21 Feb. 2014 | Comments (0)
As a marketing leader, your new normal doesn’t necessarily look entirely like traditional “marketing”. The field of marketing has embraced a significant amount of change, and right at the heart of that change is a new era of data (and big data) and analytics—and a new type of marketer has emerged. To be competitive, the modern marketer possesses a different set of skills and experiences when it comes to data and analytics (not simply metrics). Finding, assessing, hiring, training, and motivating this new type of marketer are now critical factors for those of us building an analytical culture and the marketing organization of the future.
Who is the modern marketer?
Regardless of the role in marketing, the expectations related to data and analytics need to be consistent. While there will always be more advanced analytical and technical positions, there is a new baseline for all marketers. The skill set includes a knowledge of data management principles and analytical strategies, and an understanding of the role of data quality, the importance of data governance, and the value of data in marketing disciplines. Today’s marketer needs to go well beyond reporting and metrics, and be more proficient in a full range of analytics, which may include optimization, text, sentiment, scoring, modeling, visualization, forecasting, and attribution.
Marketers need to have experience with the technology, tools, and design approaches that leverage data and analytics. Campaign design, multi-channel integration, content performance, personalization, and digital marketing can all be driven by fact-based decision-making, ideally with direct accountability to results and the ability to very quickly react and adjust to the demands of the customer and the market. The marketers I am referring to have a distinct blend of creativity and reasoning talents; they are inquisitive, inventive, and enthused by a culture that is advanced and agile.
How do you interview and assess for the modern marketer?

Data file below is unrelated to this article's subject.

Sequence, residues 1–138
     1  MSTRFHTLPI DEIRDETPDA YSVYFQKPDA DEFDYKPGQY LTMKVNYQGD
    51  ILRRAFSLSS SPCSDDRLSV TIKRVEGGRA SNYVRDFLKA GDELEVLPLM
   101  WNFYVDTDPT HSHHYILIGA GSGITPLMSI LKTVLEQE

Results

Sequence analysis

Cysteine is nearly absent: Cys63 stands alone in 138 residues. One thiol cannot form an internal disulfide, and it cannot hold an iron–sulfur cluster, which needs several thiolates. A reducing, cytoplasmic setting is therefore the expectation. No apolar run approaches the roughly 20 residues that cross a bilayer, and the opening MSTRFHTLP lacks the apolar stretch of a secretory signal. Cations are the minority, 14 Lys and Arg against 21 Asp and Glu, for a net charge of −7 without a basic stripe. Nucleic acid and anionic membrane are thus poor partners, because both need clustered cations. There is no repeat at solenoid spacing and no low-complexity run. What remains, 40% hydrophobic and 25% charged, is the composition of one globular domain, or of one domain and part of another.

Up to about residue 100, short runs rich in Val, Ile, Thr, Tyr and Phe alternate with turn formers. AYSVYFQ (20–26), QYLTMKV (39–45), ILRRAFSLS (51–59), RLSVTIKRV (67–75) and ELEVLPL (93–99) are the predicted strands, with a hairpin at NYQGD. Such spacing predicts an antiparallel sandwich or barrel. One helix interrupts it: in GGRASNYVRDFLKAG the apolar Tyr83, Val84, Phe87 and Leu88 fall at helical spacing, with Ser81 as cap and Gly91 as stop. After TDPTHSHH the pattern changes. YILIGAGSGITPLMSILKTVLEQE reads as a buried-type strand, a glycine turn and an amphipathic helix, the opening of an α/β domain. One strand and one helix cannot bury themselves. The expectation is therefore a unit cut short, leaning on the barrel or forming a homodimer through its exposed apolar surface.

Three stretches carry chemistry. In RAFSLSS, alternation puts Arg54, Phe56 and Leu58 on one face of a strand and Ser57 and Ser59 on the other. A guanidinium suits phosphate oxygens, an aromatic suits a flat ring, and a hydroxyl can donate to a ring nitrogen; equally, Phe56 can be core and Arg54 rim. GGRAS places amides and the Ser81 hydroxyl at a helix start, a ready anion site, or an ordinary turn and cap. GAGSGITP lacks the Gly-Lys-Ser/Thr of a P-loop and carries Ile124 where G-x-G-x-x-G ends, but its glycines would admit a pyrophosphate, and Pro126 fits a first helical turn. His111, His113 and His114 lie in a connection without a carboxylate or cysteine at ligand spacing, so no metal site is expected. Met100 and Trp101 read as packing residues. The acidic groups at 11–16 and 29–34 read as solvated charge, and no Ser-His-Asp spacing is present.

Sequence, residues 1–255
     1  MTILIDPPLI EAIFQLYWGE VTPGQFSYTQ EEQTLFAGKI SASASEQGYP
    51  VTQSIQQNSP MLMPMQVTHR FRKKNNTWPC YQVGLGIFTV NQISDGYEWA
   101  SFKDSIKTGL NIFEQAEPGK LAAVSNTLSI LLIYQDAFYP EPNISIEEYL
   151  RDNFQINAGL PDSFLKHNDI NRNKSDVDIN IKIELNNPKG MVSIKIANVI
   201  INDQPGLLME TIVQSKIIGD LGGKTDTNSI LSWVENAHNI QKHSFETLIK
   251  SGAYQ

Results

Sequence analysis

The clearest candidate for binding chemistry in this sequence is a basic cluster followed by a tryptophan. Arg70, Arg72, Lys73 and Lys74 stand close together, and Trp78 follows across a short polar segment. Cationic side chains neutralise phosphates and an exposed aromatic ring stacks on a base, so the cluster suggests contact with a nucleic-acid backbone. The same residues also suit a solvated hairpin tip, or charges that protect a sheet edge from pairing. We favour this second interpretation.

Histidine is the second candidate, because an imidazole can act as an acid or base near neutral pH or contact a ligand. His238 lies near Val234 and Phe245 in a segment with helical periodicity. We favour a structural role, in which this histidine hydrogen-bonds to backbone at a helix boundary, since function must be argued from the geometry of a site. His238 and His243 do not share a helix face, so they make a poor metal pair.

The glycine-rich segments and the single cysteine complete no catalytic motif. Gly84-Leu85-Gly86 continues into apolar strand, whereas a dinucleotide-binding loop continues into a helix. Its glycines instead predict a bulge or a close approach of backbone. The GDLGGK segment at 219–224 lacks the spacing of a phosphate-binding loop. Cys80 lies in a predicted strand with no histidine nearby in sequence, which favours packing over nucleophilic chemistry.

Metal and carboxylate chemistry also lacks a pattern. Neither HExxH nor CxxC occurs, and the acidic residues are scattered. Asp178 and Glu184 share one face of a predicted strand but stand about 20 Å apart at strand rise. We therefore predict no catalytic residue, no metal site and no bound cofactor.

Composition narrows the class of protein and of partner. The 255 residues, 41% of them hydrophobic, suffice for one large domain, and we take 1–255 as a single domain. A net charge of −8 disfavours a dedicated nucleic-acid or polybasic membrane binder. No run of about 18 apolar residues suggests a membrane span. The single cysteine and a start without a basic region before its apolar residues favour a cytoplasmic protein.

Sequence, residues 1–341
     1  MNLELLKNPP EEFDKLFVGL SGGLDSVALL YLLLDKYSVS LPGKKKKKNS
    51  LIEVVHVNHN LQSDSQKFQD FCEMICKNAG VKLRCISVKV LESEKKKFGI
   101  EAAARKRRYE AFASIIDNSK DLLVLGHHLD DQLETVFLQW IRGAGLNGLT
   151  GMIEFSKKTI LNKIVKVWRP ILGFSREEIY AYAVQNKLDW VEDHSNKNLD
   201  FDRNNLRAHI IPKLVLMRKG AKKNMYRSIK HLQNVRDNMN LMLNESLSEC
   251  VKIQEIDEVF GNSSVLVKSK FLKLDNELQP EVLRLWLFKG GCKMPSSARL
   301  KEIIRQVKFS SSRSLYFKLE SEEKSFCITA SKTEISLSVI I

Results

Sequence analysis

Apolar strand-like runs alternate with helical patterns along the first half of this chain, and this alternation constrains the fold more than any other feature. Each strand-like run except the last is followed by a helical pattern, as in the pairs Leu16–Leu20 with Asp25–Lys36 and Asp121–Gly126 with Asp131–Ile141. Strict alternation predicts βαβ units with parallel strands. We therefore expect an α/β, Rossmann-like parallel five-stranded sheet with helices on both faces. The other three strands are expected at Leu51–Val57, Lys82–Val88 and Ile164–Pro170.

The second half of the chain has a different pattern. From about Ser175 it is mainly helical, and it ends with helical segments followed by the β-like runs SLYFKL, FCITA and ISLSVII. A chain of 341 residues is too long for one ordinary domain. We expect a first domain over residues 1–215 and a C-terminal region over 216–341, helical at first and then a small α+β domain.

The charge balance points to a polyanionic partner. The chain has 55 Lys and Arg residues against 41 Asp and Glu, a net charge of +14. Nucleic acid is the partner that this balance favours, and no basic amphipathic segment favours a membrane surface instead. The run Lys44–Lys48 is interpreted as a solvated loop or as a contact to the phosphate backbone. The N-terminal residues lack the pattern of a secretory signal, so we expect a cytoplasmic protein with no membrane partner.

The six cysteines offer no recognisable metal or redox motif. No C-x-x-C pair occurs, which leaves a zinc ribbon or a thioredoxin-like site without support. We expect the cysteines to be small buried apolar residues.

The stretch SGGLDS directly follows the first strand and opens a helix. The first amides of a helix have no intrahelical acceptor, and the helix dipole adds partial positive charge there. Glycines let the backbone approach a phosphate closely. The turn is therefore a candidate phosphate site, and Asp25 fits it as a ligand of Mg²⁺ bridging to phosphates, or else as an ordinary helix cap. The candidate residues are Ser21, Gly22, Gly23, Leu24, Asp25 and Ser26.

When assessing marketing candidates, there are some techniques that could help you “test” for the modern marketer. As you evaluate their experiences, look for examples of campaigns, projects, and other key accomplishments that highlight the role that data and analytics had in decision-making and evaluation. It is time for all marketers (not just the creative side) to have a “marketing analytics portfolio” that could demonstrate the use of data in the design phase, the types of analytics employed as part of strategic decisions, the testing strategies applied, and the performance assessment. It is important for marketers to be able to articulate and demonstrate how they know they influenced change and learned from failed efforts. Marketers tend to focus on the visual and the message, which are both critical. Modern (and analytical) marketers can explain the what, how, and why, or why not.
It is important to use both verbal and written assessments to gauge a candidate’s technology and analytical “IQ” in addition to their marketing savvy. I would suggest requesting written responses to questions such as:
How do you approach decision-making as it relates to marketing planning and investments?
What is the difference between metrics and analytics?
What analytic approaches have been most beneficial in your marketing efforts?
How would you describe “marketing data”?
What role does technology played in marketing?
How does marketing deliver value to the organization?
How has data and analytics changed for marketing?
What type of advanced analytic techniques have you been exposed to in your marketing career?
The modern marketer needs to be think more like an architects, engineers, or scientists. Designing, testing, diagnosing, analyzing, and adapting can and should be daily functions in the marketing environment. Evidence of this evolution is shown in the titles that marketing has begun to adopt: experience architect, data scientist, web engineer, web curator, marketing technologist, marketing analytics manager, and customer experience manager. Marketers today are managing a customer life cycle, dialogue and relationship in an environment where almost everything is measurable. The ability to use data and analytics to thoroughly understand, personalize, and constantly improve that relationship is fundamental to their success. It is an amazing time to be a marketer—and to hire them.
This blog first appeared on the Harvard Business Review on 1/6/2014.
View our complete listing of Talent Management blogs.